I’m a Jewish girl from East London, so I naturally have an inclination to throw slang around from both my Yiddishe and Cockney roots. Sometimes I use a Yiddish word because I like the way it sounds or because it’s natural for me, or (more often than not) there simply isn’t a better way of describing that thing (see Schlep). Sometimes I just really like the way a funny English phrase or Cockney word feels its way around in a jingly-jangly sort of jig.

It’s only fair then that I include this page to help you make sense of some of the words and phrases I use. (And if you think I’ve got any of the meanings or the etymology wrong, or you’d like to let me know more, do get in touch.)

Ashkenazim – the Germanic subgroup of the world’s Jewish people, who trace their origins to the indiginous Israelite tribes of the Middle East. Ashkenazic Jews also created and took with them the Yiddish language
– a cockney word meaning altercation or fight. The root of the word divides opinion (and is known as a ‘false etymology’) as its original etymology is unknown, even though it has been in use since the 19th century. Nowadays many believe it to be rhyming slang for ‘trouble’, deriving from the Flinstone’s cartoon character, Barney Rubble
– Pronounced ‘buy-gul’ by East Londoners to the horror of The (Bristolian) Husband and the rest of the world over, who wrongly call/spell this deliciously chewy, popular bread roll a bagel. Made by boiling and then baking a yeast-based dough. Traditional accompaniments include smoked salmon and cream cheese, chopped or shmaltz herring, and egg and onion. I particularly like to accessorise mine with some gefilte fish (boiled fish balls) and ‘new greens’ (a type of pickled cucumber)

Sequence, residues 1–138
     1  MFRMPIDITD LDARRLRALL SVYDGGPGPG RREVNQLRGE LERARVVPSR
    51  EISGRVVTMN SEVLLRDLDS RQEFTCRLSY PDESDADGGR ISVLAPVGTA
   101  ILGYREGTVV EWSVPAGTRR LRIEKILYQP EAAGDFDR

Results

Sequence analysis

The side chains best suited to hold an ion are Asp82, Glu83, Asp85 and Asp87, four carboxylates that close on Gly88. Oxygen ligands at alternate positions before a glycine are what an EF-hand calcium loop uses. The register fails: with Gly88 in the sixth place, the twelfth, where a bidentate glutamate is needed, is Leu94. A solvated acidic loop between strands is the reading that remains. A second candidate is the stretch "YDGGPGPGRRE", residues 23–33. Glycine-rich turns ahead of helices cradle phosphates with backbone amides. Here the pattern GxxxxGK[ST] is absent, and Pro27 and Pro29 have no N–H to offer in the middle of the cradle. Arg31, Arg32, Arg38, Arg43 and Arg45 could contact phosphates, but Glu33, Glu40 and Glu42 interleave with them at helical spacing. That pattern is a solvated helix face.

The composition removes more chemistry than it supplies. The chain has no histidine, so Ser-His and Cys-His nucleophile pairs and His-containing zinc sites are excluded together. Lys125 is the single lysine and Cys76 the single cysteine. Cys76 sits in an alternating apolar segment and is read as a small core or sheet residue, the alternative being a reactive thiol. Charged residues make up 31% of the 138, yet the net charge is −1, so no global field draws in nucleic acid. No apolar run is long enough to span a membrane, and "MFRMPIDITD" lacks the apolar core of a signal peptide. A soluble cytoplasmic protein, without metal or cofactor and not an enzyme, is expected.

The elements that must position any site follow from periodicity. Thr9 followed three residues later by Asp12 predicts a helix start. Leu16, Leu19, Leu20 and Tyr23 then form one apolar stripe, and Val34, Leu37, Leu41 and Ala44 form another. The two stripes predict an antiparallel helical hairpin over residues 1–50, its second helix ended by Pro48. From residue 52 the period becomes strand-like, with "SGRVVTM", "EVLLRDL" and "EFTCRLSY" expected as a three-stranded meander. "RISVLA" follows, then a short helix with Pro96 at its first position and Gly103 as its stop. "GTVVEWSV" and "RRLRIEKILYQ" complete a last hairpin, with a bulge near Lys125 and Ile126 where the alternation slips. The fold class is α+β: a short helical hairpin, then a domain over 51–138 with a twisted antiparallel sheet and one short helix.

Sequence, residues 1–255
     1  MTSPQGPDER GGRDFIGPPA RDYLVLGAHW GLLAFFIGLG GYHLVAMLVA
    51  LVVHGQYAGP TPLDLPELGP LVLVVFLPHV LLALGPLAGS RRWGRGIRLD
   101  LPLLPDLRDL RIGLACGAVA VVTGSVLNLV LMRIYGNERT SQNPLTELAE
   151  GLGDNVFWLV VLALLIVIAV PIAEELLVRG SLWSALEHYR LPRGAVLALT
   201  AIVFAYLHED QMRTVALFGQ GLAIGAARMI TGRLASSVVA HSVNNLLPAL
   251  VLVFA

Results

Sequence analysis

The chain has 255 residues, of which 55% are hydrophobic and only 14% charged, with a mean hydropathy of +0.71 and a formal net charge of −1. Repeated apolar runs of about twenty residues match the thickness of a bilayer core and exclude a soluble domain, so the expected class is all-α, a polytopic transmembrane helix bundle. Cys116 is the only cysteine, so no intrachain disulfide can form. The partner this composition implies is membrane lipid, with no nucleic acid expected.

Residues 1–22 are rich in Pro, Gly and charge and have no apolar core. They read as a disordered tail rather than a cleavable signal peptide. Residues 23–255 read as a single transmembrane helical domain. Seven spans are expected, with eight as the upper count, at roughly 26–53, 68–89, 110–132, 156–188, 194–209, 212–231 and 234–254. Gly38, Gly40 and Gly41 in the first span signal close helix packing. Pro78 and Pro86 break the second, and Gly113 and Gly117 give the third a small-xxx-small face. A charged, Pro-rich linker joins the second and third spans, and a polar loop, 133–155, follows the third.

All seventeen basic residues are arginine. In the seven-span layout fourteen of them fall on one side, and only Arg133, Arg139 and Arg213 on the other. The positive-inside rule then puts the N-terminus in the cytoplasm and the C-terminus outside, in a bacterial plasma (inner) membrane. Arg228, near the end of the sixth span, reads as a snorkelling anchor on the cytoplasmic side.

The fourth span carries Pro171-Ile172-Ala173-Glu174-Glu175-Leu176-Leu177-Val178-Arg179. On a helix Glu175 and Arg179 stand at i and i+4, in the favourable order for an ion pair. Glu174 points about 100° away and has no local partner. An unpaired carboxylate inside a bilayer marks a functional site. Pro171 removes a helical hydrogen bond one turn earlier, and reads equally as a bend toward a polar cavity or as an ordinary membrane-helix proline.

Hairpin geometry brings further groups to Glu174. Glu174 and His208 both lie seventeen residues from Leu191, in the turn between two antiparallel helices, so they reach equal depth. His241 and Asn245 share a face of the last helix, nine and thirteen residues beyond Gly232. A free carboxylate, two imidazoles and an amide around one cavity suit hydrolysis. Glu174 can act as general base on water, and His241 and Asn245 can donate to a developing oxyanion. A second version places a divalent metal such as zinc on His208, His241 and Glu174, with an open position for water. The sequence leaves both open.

Boiler – an old chicken used for making soups and stews
Boracic – from ‘boracic lint’ (a type of medical dressing from the 19th century), meaning ‘skint’ (to have no money), in Cockney Rhyming Slang. Pronounced ‘brassic’
Bubbe – Yiddish word for grandmother
Butcher’s – derived from ‘butcher’s hook’ meaning ‘look’ in Cockney Rhyming Slang
Challah – traditional, slightly sweet plaited bread baked for the sabbath
Chanukah – the Jewish festival of light
Chippy – English slang for carpenter. (Also slang for a fish and chip shop)
Chutzpah – Yiddish word meaning cheek, audacity, gall, brazen courage
Fress – the Yiddish word meaning to indulge in and enjoy eating
Gedempte – Yiddish word for slowly cooked/stewed
Gefilte Fish – from the Yiddish, meaning ‘stuffed fish’, this is an Ashkenazi Jewish dish made from poached white fish (such as carp)
Golem – an animated anthropomorphic being in Jewish folklore
Gordon Bennett
– an expression of surprise, like ‘gorblimey’. Read more about the etymology of this phrase here
Hamishe – the Yiddish word for ‘homely’
Hava Nagila – (translation ‘let us rejoice’) is a traditional Jewish folk song, sung in Hebrew
I couldn’t give a monkey’s – is an English slang phrase meaning that ‘one hasn’t the slightest bit of interest’. The etymology is a little unclear but it is probably rude and has something to do with masturbation, sex or farting, naturally. The Guardian has a little bit about it here
Kneidlach – the Yiddish word for Jewish-style dumplings made with matzo meal and egg (my mother adds schmaltz, see below)
Kiddush – the social hour after a prayer service in the synagogue
cheers! Yiddish drinking terminology, literally meaning ‘to life’
Lobus – A Yiddish word describing a (often young) mischievous person full of chutzpah!
Lokshen – Jewish-style egg noodles